Nav: Home

Researchers report high burden of infections acquired in hospitals in Europe

October 18, 2016

More than 2.5 million cases of healthcare-associated infections are estimated to occur in the European Union and European Economic Area (EU/EEA) each year, according to a study published by Alessandro Cassini, Diamantis Plachouras and colleagues from the European Centre for Disease Prevention and Control (ECDC), The Robert Koch Institute (Berlin, Germany) and the Centre for Infectious Disease Control, National Institute for Public Health and the Environment (Bilthoven, The Netherlands), in PLOS Medicine.

The researchers used data from the ECDC point prevalence survey of healthcare-associated infections and antimicrobial use in European acute care hospitals to estimate the burden of six common types of healthcare-associated infections: healthcare-associated pneumonia, healthcare-associated urinary tract infections, surgical site infections, healthcare-associated Clostridium difficile infections, healthcare-associated neonatal sepsis, and healthcare-associated primary bloodstream infections. They estimated that the more than 2.5 million cases of these healthcare-associated infections occurring each year in the EU/EEA result in a burden of approximately 2.5 million disability-adjusted life years (DALYs). Furthermore, the combined burden for Europe of these six types of healthcare-associated infections was estimated to be higher than that of other communicable diseases under surveillance at ECDC, such as influenza, HIV/AIDS and tuberculosis.

While the findings are limited by the accuracy of some of the estimates, the authors were able to adjust the analysis according to the severity of the underlying condition that was the reason for the initial hospitalization.

The authors note that "infections acquired in hospitals are a common and largely preventable complication of hospitalization and surgery," and that "increasing efforts for prevention are imperative to decrease this burden."
Research Article

Funding: The authors received no specific funding for this work.

Competing Interests: MEK is a member of the Editorial Board of PLOS Medicine.

Citation: Cassini A, Plachouras D, Eckmanns T, Abu Sin M, Blank H-P, Ducomble T, et al. (2016) Burden of Six Healthcare-Associated Infections on European Population Health: Estimating Incidence-Based Disability-Adjusted Life Years through a Population Prevalence-Based Modelling Study. PLoS Med 13(10): e1002150. doi:10.1371/journal.pmed.1002150

Author Affiliations:
European Centre for Disease Prevention and Control, Stockholm, Sweden
Julius Center for Health Sciences and Primary Care, University Medical Center Utrecht, Utrecht, The Netherlands
Robert Koch Institute, Berlin, Germany
Centre for Infectious Disease Control, National Institute for Public Health and the Environment, Bilthoven, The Netherlands



Related Public Health Articles:

The Lancet Public Health: Ageism linked to poorer health in older people in England
Ageism may be linked with poorer health in older people in England, according to an observational study of over 7,500 people aged over 50 published in The Lancet Public Health journal.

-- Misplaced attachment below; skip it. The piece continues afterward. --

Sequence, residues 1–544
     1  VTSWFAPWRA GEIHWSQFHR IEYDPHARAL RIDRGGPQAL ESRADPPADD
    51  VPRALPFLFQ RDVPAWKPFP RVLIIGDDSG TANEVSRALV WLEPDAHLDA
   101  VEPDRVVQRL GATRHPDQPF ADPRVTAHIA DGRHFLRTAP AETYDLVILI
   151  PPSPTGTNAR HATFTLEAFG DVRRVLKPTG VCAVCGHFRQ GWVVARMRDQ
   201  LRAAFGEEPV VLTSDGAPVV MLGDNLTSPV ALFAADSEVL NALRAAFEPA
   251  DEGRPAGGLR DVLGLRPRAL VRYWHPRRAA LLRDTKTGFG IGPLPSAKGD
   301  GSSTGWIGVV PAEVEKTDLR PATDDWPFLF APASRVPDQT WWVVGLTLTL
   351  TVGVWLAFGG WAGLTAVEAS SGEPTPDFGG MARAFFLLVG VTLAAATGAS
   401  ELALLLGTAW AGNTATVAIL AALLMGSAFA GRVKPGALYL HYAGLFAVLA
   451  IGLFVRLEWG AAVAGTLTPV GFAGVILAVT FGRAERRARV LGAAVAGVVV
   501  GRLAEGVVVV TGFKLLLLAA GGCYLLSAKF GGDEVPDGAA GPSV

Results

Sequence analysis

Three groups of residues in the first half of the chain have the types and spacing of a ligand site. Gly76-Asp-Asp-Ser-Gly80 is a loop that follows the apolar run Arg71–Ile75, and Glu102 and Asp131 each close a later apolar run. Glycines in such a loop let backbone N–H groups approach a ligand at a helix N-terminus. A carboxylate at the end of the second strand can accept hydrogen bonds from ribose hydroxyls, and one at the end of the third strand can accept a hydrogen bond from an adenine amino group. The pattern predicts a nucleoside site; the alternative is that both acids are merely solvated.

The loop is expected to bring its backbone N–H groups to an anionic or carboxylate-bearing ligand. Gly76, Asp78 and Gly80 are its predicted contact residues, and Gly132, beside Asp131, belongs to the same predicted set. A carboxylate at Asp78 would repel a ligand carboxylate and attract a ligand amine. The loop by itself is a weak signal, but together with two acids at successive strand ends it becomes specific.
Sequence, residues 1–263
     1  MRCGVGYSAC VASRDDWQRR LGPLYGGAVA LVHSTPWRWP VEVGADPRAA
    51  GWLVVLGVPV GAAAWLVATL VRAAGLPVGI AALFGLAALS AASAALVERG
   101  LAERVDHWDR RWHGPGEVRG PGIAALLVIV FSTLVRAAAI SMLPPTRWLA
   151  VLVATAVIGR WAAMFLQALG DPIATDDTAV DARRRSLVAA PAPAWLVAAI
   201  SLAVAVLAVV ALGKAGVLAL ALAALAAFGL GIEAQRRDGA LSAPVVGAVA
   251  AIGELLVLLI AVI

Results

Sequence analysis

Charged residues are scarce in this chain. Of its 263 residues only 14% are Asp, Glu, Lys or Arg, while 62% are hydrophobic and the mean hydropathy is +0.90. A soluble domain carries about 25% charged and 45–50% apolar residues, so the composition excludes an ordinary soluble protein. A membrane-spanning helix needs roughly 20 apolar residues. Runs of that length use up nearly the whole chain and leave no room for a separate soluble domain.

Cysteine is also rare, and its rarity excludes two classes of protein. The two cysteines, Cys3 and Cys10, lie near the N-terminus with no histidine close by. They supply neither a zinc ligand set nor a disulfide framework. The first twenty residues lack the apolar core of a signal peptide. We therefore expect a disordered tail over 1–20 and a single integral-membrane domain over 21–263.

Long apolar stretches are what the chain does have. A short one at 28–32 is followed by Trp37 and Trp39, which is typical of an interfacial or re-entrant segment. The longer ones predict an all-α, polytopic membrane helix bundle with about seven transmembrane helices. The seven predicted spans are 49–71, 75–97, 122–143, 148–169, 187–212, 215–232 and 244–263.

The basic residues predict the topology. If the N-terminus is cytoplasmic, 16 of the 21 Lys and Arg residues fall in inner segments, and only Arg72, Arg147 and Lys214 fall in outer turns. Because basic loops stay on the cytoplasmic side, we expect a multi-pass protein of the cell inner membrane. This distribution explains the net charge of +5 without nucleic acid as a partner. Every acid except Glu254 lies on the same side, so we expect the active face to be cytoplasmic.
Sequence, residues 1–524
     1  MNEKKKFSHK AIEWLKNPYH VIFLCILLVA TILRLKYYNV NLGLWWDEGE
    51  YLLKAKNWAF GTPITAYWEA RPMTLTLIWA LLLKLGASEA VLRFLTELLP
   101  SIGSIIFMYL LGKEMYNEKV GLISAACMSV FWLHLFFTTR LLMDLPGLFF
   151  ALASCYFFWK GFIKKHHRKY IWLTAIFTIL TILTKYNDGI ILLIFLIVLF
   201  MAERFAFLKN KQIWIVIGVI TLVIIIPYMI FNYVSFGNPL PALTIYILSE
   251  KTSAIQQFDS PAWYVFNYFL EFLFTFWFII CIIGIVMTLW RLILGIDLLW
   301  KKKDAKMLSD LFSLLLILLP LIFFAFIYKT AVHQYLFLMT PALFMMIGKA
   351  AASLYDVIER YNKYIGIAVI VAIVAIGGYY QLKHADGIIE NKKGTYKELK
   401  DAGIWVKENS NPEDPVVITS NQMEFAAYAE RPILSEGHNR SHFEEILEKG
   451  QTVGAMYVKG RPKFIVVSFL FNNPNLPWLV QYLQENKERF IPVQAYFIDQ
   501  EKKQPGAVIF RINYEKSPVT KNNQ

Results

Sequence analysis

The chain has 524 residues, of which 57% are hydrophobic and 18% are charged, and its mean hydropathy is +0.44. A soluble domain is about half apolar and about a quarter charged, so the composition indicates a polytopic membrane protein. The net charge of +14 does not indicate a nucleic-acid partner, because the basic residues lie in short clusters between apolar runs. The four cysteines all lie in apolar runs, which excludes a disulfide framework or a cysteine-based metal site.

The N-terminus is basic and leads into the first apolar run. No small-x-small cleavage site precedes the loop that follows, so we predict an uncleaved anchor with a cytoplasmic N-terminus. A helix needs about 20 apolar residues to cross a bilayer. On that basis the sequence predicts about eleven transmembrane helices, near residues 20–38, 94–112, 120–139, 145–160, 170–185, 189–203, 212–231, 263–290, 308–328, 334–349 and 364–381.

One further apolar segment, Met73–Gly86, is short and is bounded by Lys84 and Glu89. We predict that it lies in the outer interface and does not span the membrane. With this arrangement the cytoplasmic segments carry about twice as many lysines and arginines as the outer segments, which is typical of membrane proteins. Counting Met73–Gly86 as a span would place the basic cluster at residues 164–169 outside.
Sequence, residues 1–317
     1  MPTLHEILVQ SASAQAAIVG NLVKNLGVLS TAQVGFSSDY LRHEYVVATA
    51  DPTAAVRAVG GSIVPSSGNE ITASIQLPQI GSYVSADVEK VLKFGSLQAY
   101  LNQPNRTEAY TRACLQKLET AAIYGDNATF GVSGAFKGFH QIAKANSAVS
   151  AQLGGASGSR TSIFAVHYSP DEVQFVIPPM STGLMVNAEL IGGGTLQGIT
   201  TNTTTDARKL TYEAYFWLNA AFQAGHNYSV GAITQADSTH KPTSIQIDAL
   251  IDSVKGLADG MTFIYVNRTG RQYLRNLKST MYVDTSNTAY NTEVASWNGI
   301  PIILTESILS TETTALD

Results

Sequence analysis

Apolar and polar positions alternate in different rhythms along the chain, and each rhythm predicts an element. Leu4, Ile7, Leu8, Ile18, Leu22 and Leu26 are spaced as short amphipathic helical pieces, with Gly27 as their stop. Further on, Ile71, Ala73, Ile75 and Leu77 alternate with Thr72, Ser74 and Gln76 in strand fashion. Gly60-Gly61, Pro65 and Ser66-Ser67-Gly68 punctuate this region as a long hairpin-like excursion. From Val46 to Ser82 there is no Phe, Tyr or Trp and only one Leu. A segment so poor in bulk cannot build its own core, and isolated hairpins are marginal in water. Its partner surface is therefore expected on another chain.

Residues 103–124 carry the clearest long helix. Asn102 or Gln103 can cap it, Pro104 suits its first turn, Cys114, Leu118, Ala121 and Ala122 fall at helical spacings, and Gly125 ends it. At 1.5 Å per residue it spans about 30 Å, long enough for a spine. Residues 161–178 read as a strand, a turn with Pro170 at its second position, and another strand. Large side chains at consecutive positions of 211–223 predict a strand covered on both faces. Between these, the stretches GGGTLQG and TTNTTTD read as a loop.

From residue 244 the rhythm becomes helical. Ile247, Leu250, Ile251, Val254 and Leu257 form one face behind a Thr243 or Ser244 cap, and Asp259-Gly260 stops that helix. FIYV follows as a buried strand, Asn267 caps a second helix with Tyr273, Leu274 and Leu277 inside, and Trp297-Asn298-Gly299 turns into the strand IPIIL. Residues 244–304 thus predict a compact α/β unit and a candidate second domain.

Study: Public transportation use linked to better public health
Promoting robust public transportation systems may come with a bonus for public health -- lower obesity rates.
Bloomberg American Health Initiative releases special public health reports supplement
With US life expectancy now on the decline for two consecutive years, the Bloomberg American Health Initiative is releasing a supplement to Public Health Reports, the scholarly journal of the US Surgeon General.
Data does the heavy lifting: Encouraging new public health approaches to promote the health benefits of muscle-strengthening exercise (MSE)
According to a new study in the American Journal of Preventive Medicine, almost 75 percent of US adults do not comply with public health guidelines recommending two or more muscle-strengthening exercise (MSE) sessions a week, with nearly 60 percent of the population doing no MSE at all.
The Lancet Public Health: Moderate carbohydrate intake may be best for health
Low-carb diets that replace carbohydrates with proteins and fats from plant sources associated with lower risk of mortality compared to those that replace carbohydrates with proteins and fat from animal sources.
More Public Health News and Public Health Current Events

Best Science Podcasts 2019

We have hand picked the best science podcasts for 2019. Sit back and enjoy new science podcasts updated daily from your favorite science news services and scientists.
Now Playing: TED Radio Hour

Rethinking Anger
Anger is universal and complex: it can be quiet, festering, justified, vengeful, and destructive. This hour, TED speakers explore the many sides of anger, why we need it, and who's allowed to feel it. Guests include psychologists Ryan Martin and Russell Kolts, writer Soraya Chemaly, former talk radio host Lisa Fritsch, and business professor Dan Moshavi.
Now Playing: Science for the People

#537 Science Journalism, Hold the Hype
Everyone's seen a piece of science getting over-exaggerated in the media. Most people would be quick to blame journalists and big media for getting in wrong. In many cases, you'd be right. But there's other sources of hype in science journalism. and one of them can be found in the humble, and little-known press release. We're talking with Chris Chambers about doing science about science journalism, and where the hype creeps in. Related links: The association between exaggeration in health related science news and academic press releases: retrospective observational study Claims of causality in health news: a randomised trial This...